GRAND RAPIDS, Mich. (WOOD) — Attempting to balance calls for reform and funding cuts and the concerns of the police unions, which believe officers are under siege, the stakes couldn’t be higher for Grand Rapids’ police chief.

As he presented his draft strategic plan to the city commission at its Tuesday morning work session, Grand Rapids Police Department Chief Eric Payne started with this bold statement: 

“My vision is that, in partnership with our community, we will become the safest mid-sized city with the most trusted police department in the United States,” he said.

He acknowledged the role of police in the development and enforcement of systemic racism. He said old methods of increasing police presence may decrease crime but they also have the unintended consequence of making the community feel harassed. 

“I want to say to the community members who have been negatively impacted or treated unfairly by the police — that includes me — I am sorry,” Payne said. 

The plan was met with praise from commissioners, even those who had been critical of GRPD in the past. 

“I want to thank you, chief, for acknowledging the problematic history of policing, I think that’s really, really important in this moment for us to do and for your emphasis on empathy,” 1st Ward Commissioner Kurt Reppart said.

“I want you to know that I am in full support of this draft plan,” Commissioner Joe Jones of the 2nd Ward said.

“Thank you so much for that. I think it’s the beginning stages of healing for our community,” 3rd Ward Commissioner Senita Lenear said.

As part of the three-year plan, Payne promised to roll out a system that makes every officer a community policing specialist. That includes beat cops who can build relationships with neighbors instead of simply going from one call to another.

The chief said he wants his officers to embrace a “guardian mentality” when it comes to policing and listen to the community about how it wants to be policed. 

“Equity must be woven into the fabric of every part of our organization,” Payne said. 

GRPD also plans to use a mental and behavior response team that will decide when someone other than a uniformed officer should respond to things like mental health calls, homeless outreach, parking enforcement and neighborhood issues. The department is also looking at using a drone, which it called an “unmanned aerial system,” to check out situations to determine if an officer is needed.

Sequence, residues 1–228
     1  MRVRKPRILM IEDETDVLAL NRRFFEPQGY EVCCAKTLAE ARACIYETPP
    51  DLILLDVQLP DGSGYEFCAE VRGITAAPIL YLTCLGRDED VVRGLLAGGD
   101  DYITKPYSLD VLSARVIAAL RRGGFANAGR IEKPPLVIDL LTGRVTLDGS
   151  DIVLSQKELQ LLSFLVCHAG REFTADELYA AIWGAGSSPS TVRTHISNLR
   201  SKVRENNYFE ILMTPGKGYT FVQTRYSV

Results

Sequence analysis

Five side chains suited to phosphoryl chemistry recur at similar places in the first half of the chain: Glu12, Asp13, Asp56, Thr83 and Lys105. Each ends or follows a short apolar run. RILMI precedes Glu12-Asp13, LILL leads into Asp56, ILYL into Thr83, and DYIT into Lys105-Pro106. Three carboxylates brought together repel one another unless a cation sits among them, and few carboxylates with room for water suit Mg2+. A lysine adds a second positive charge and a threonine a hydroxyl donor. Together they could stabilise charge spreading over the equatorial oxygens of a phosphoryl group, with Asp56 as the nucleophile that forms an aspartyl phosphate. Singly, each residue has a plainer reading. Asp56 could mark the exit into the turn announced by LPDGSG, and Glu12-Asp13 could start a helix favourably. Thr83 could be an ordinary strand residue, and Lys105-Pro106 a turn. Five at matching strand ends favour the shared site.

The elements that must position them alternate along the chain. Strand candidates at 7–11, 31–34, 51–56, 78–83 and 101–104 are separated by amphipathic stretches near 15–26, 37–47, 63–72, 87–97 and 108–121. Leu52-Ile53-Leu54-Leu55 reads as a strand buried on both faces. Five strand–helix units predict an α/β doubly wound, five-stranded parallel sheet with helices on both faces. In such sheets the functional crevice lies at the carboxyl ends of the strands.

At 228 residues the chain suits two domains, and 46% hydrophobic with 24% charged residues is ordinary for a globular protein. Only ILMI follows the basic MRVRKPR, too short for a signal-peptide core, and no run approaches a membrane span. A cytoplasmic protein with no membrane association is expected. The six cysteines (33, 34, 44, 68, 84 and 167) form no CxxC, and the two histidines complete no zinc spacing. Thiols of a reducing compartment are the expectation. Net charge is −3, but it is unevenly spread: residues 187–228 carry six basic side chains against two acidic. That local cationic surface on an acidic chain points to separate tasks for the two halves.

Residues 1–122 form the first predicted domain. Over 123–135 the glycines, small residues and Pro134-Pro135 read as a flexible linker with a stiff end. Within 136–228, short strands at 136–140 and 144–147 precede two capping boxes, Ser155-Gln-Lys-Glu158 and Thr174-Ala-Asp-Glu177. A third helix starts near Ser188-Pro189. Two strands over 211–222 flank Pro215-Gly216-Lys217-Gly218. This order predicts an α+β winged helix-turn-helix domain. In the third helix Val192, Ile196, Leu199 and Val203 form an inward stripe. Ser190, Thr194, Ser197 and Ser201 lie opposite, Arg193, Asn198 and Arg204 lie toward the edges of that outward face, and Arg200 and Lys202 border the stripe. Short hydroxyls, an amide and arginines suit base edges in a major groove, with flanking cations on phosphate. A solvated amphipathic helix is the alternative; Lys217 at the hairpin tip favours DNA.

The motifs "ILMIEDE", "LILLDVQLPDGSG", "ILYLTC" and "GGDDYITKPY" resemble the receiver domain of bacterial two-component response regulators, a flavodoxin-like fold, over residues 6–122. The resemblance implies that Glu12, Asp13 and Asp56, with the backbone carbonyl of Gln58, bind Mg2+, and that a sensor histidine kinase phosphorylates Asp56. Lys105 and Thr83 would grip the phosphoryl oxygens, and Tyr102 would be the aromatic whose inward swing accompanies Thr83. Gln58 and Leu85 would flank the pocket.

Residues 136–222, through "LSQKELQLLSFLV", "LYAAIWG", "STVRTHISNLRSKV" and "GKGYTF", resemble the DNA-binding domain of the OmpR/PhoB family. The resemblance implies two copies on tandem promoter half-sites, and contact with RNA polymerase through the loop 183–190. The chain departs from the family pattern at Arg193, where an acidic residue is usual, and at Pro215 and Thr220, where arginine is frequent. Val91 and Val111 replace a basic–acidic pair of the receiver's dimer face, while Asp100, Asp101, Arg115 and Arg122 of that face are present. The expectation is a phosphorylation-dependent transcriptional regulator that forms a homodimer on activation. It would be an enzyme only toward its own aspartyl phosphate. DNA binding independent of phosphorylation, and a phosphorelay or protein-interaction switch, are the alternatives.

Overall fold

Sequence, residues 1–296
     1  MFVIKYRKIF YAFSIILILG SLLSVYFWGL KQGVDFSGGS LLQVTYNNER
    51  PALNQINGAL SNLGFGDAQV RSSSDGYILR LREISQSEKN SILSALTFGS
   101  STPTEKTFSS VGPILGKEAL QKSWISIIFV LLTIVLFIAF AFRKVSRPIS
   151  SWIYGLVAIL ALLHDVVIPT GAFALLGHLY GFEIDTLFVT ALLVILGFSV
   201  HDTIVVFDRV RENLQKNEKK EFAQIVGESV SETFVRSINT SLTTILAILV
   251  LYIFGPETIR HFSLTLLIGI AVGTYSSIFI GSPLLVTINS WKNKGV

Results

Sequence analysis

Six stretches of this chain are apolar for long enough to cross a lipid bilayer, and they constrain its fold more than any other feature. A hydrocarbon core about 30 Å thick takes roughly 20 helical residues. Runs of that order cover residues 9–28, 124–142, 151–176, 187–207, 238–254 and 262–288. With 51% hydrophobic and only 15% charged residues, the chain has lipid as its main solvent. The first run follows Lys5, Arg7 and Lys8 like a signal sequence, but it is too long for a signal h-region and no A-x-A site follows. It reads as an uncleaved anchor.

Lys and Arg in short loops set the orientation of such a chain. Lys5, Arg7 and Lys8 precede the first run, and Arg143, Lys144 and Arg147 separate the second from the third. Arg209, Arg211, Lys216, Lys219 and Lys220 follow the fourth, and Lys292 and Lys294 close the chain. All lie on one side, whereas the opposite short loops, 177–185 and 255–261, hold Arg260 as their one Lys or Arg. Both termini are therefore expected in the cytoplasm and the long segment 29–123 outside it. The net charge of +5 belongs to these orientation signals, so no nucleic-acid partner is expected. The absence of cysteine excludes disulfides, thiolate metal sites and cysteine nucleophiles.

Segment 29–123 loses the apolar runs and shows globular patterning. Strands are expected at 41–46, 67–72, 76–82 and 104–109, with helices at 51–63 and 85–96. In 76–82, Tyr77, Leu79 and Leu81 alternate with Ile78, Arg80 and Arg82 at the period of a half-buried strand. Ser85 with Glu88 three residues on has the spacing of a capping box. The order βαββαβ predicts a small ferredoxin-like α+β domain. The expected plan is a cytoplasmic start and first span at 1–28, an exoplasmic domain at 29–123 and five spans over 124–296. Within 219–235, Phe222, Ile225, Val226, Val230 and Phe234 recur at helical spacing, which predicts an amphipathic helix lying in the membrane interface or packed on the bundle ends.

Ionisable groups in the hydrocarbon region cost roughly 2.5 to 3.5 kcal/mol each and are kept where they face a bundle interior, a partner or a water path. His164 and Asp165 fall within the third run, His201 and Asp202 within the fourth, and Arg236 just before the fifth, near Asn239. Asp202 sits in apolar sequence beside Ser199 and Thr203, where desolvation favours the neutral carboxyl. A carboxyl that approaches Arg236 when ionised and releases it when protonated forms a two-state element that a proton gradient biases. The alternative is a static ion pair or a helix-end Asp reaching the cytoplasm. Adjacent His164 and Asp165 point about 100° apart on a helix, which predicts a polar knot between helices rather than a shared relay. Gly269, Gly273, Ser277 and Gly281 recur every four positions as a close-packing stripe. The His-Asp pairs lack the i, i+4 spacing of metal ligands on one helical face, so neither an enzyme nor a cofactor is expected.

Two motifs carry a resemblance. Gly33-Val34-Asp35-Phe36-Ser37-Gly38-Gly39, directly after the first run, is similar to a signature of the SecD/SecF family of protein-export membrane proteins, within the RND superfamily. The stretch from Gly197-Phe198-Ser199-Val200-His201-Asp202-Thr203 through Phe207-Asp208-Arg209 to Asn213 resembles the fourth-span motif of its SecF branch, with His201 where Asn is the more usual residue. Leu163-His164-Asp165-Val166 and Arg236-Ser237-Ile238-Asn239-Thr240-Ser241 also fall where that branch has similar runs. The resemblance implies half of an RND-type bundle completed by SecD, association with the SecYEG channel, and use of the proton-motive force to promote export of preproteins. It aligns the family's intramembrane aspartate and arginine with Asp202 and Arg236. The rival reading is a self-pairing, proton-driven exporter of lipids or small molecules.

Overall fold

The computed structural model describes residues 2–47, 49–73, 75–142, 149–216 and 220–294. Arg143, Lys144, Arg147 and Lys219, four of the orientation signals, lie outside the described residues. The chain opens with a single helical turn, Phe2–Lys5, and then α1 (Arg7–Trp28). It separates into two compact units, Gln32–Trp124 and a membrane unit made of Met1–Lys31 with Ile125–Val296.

The department already banned the use of chokeholds, which have caused the deaths of suspects elsewhere in the U.S. and been a key focus of police reform activists. However, GRPD says the hold can still be used in “situations where deadly force would be authorized.” 

The plan calls on officers to use words rather than force unless necessary and to stop shooting at a moving vehicle unless the situation is life-threatening. 

It also requires officers to intervene when excessive force is being used by a colleague and to report that behavior so internal affairs can investigate.

Payne pointed out that the plans depends on the same or even increases in police funding

The community had their chance to weigh in on the matter during a virtual meeting Tuesday evening.  

Dozens of callers have mixed reactions — few of them commenting of the strategic plan itself.  

Instead, citizens expressed differing opinions on why the city should or shouldn’t defund the police.  

A few callers criticized Payne’s plan, saying it ignores the community’s calls to defund the police.  

Community organizations also weighed in on the conversation.  

Jeremy DeRoo, the executive director of community advocacy nonprofit LINC UP, said while the strategic plan is in many ways a step in the right direction, he has his concerns about it as well. 

DeRoo specifically expressed concerns of accountability, one of the four core values identified in the plan.  

“The document refers to the need to build trust within communities and seems to assume that increased interactions will lead to increased trust, but I think what the community has been saying for a long time is that there has been and continues to be actions that undermine the trust of the community,” DeRoo said. “If there’s not accountability built into the framework and strategy of the police department of how they’ll do a better job holding themselves and their officers accountable to the community, the ability to build trust will be diminished and undermined by that lack of accountability.” 

Cle Jackson, president of the Greater Grand Rapids NAACP, told News 8 he had no comment at this time, regarding GRPD’s strategic plan.  

Organizers with the DeFund the GRPD Campaign Coalition responded to News 8’s request for comment by saying they will be releasing a statement following Tuesday night’s meeting.  

Citizens interested in giving their feedback on the plan can do so online.

GRPD will host a virtual town hall at 6 p.m. Aug. 17. After getting feedback, the plan should be finalized by Sept. 29.